Will the real Converse All Star please stand up? First popularized as iconic basketball sneakers and inextricably linked to counterculture figures and the high-schoolers who imitate them, the Chuck Taylor All Star is one of the world’s most famous sneakers. It’s no surprise that imitators have cropped up over the years, and now Converse is trying to knock imposters off the racks with a lawsuit against 31 companies including Walmart, Skechers, and Kmart.
The New York Times reports that Converse is accusing the companies of trademark infringement and seeking monetary damages; Converse is also pursuing a complaint with the International Trade Commission to bar look-alike counterfeits from entering the country.
The design infringements include one or two black stripes and, probably most importantly, the rubber cap above the toe, which have led the company to write more than 160 cease-and-desist letters, according to the Times, which also stresses how difficult trademark infringement cases can be in the fashion world—functional designs can’t be protected, and the attributes in question must be directly linked to the company in consumers’ minds.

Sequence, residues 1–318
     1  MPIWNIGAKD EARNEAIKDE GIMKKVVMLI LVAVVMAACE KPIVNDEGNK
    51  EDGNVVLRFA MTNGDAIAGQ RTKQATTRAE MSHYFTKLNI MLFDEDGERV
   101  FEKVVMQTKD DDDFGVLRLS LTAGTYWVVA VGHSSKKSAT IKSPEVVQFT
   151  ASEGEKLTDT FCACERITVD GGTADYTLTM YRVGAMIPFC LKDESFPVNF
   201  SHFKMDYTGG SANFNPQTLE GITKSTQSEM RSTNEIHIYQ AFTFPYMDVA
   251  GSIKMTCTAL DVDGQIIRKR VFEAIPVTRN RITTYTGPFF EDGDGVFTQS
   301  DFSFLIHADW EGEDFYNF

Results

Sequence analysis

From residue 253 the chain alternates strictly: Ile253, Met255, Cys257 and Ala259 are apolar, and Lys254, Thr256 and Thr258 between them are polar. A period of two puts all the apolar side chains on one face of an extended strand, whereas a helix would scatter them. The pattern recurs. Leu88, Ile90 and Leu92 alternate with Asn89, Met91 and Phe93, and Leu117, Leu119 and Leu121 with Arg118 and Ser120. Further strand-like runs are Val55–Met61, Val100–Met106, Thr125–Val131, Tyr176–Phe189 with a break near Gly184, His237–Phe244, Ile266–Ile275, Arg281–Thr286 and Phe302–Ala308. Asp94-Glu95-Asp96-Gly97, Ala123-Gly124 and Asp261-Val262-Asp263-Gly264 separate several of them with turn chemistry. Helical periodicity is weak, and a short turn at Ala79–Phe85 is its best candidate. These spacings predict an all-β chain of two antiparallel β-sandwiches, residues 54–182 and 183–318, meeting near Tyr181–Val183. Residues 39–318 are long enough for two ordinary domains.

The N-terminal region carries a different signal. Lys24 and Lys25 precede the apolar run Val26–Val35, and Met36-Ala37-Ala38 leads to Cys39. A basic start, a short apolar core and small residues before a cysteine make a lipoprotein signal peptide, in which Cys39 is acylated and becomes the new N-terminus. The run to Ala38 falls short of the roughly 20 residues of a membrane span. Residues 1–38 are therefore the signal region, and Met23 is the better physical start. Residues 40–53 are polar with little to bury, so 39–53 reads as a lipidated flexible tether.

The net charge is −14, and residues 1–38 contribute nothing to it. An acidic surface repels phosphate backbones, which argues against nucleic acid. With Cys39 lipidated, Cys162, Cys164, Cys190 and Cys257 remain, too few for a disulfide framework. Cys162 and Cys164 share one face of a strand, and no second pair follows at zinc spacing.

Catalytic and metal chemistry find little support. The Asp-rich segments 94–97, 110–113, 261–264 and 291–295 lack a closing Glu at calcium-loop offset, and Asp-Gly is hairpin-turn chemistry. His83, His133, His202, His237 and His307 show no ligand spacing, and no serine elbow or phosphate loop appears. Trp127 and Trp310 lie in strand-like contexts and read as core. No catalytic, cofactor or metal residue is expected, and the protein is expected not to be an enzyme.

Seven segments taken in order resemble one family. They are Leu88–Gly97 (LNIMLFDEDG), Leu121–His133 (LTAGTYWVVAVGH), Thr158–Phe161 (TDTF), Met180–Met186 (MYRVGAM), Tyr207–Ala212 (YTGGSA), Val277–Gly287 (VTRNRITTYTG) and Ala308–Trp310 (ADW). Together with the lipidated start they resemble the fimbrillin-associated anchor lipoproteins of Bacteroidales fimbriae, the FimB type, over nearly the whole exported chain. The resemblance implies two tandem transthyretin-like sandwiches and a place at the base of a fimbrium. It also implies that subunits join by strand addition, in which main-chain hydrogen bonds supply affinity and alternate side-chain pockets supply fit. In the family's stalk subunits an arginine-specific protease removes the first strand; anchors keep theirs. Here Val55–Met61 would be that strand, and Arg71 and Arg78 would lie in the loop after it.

In short, Converse needs to prove that when people see the black stripes on the soles and the rubber toe cap, they actually think “Converse.”
I have no legal degree, admittedly, but I did spend many years as a counterculture-obsessed teen, and when I purchased off-brand rubber-toed footwear with black stripes and flat laces, it was solely to supplement my one legitimate pair of worn-in, white canvas Chucks. In other words, I wanted more Converse, but could not afford the real thing, so I purchased an imitation.
My nonlawyer’s opinion, therefore, is that the imitation evident in, say, the Faded Glory Women’s Canvas Lace to Toe available at Walmart or in Skechers’ Bobs Lo-Topia is borderline undeniable. The smoking gun? I found both of those shoes by searching the sites for the word “Converse.”